Talk:List of Intel Core 2 microprocessors

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What happened to this processor? I remember Intel used to sell this one (200MHz FSB, Allendale-2MB, 1.6GHz) Tigerfishdaisy (talk) 19:06, 27 January 2009 (UTC)

Whatever -- forget about it; Turns out it didn't exist Tigerfishdaisy (talk) 19:22, 27 January 2009 (UTC)


What happened to this codename? Originally, it was going to be used for the half-cache version of Conroe (I can think of two pages that mention it), but the codename has disappeared from all recent roadmappery. I was thinking of splitting up the current Conroe section into Conroe and Allendale, but if there's a reason the Allendale codename is no longer used, then there would be no reason to split the section, so I'm asking here. What is the deal with Allendale's disappearance from roadmaps? jgp 20:07, 12 May 2006 (UTC)

Apparently, CPU-Z considers the half-cache version to be Allendale, as evidenced by [1], so I'm updating the list. Also see [2]. jgp 00:51, 7 June 2006 (UTC)

I thought E6300 and E6400 are NOT Allendale. Allendale is slated to be released on Q1 '07 with 2MB of cache natively. agrees with this and so does the source cited by the article .

I've put a couple posts in forums asking this. Everyonest just as confused as we are, but it is generally accepted that Core 2 Duos w/ half the cache of a Conroe proc (even if its just dusabled) is an Allendale. Toledo -> Manchester anyone?

And generally speaking, the People at CPU ID are pretty smart. I would go w/ what they say. —The preceding unsigned comment was added by (talk) 10:45, 30 December 2006 (UTC).

Will this chip be able to run on the Intel 915 chipset seeing that the FSB is only 800mhz?

I doubt it. FSB is not a problem as evidenced by the 975X chipset, but BIOS and VRM support is probably lacking. See Intel Core 2#Motherboard Compatibility. --Dgies 18:12, 9 December 2006 (UTC)

Someone chnaged the table... now only E4300 is considered allendale. (which is wrong)-- 02:01, 26 February 2007 (UTC)

Everyone listen up, do not revert the E6300 and E6400 Allendale SKU understand? They now currently exist as it is now March 2007, and the Allendale stepping has been released, initially the E6300 and E6400 were both Conroe's with disabled LV2 cache, but now they also come in the native Allendale version which only has 2MB with nothing to disable. This is not something new, AMD did this with releasing the 4200+ and 4600+ in Toledo form and disabling the cache, while the Manchester core didn't come later with the introduction of the 3800+ and then it was retroactively applied to the 4200+ and 4600+, so Manchester and Toledo versions exist for those SKU's, just like how Allendale and Conroe versions exist for E6300 and E6400, which they can be identified with the L2 Stepping. L2 = Allendale, B2 = Conroe. Coldpower27 02:22, 13 March 2007 (UTC)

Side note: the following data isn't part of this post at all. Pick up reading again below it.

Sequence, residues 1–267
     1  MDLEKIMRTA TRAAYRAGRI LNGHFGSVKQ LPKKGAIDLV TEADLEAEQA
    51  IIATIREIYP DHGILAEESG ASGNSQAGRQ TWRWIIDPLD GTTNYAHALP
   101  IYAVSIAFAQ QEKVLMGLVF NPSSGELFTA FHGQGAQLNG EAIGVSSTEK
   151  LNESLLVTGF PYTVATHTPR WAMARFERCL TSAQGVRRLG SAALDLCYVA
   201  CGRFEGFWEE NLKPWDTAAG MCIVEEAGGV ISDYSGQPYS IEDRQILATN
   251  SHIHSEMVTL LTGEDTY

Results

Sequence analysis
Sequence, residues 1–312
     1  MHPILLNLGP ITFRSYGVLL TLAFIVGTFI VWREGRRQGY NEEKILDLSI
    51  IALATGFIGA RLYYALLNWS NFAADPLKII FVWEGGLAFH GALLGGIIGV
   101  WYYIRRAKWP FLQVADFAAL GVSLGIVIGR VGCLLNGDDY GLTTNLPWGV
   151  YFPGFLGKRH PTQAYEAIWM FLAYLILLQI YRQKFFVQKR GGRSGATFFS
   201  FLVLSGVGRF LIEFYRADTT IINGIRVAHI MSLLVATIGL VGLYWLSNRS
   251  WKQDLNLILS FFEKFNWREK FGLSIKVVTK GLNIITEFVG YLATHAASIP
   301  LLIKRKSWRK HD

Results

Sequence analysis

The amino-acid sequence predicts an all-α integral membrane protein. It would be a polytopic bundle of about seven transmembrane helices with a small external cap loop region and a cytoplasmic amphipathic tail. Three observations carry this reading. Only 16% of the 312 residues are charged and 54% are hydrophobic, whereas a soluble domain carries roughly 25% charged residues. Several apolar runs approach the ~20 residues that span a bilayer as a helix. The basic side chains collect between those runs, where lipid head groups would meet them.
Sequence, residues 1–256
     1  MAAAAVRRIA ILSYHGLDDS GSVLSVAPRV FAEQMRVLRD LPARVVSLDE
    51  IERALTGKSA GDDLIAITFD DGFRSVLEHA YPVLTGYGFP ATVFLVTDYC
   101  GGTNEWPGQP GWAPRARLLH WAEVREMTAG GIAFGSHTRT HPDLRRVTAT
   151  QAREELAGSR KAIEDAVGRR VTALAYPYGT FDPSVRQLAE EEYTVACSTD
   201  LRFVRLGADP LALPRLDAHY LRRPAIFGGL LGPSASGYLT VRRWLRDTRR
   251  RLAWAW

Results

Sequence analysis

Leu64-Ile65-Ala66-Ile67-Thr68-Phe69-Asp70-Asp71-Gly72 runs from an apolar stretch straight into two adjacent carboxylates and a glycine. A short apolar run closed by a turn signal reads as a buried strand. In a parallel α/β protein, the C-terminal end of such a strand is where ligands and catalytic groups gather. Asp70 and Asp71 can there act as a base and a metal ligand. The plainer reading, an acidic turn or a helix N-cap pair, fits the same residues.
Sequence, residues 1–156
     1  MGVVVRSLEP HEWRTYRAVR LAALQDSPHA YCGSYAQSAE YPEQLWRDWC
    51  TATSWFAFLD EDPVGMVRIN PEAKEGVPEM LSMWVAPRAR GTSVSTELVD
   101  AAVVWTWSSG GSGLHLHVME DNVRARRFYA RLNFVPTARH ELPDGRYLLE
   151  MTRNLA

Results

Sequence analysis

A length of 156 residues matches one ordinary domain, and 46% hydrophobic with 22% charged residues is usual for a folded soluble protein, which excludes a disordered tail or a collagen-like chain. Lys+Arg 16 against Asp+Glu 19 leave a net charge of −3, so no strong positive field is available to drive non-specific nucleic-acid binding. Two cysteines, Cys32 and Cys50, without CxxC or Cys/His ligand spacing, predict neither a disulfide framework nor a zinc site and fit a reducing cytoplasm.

But the E6300 and E6400 are not "Allendale" processors, they're "conroe" codenamed according to intel. —The preceding unsigned comment was added by (talkcontribs) 20:05, 2 January 2007 (UTC).

That article is now out of date and there are BOTH Allendale AND Conroe E6300 and E6400, they can be identified with L2 or B2 Stepping.Coldpower27 02:20, 14 March 2007 (UTC)

E6300 and E6400 have been confirmed time and time again as allendales. I tried to edit but someone reversed it.. —The preceding unsigned comment was added by (talkcontribs) 11:28, 13 March 2007 (UTC).

Unless somebody has evidence to indicate that either 1) the E6300 and E6400 were Allendales from the beginning or 2) the E6300 and E6400 are still only Conroes, please leave things as they are; there is nothing that says that Intel can't sell Conroes as E6300's and E6400's at time T and then sell Allendales as E6300's and E6400's at time T+delta T. Guy Harris 18:50, 13 March 2007 (UTC)
Orginally E6300 and E6400 were only Conroe with disabled LV2, that has changed since January 2007, and they are both Allendale and Conroe NOW depending on which stepping it is. Coldpower27 02:24, 14 March 2007 (UTC)

Coldpower27 is correct. There are both Allendale and Conroe versions of the E6300 and E6400. The original "B2" stepping was Conroe and the new "L2" stepping is Allendale. The main differences are in the voltage range, and that the Conroe E6300/6400 have half of the 4MB cache disabled, while the Allendale only has 2MB cache to begin with. Here is Intel's list of Core 2 Duo Exxxx processors. is not "according to intel". --Vossanova o< 18:58, 13 March 2007 (UTC)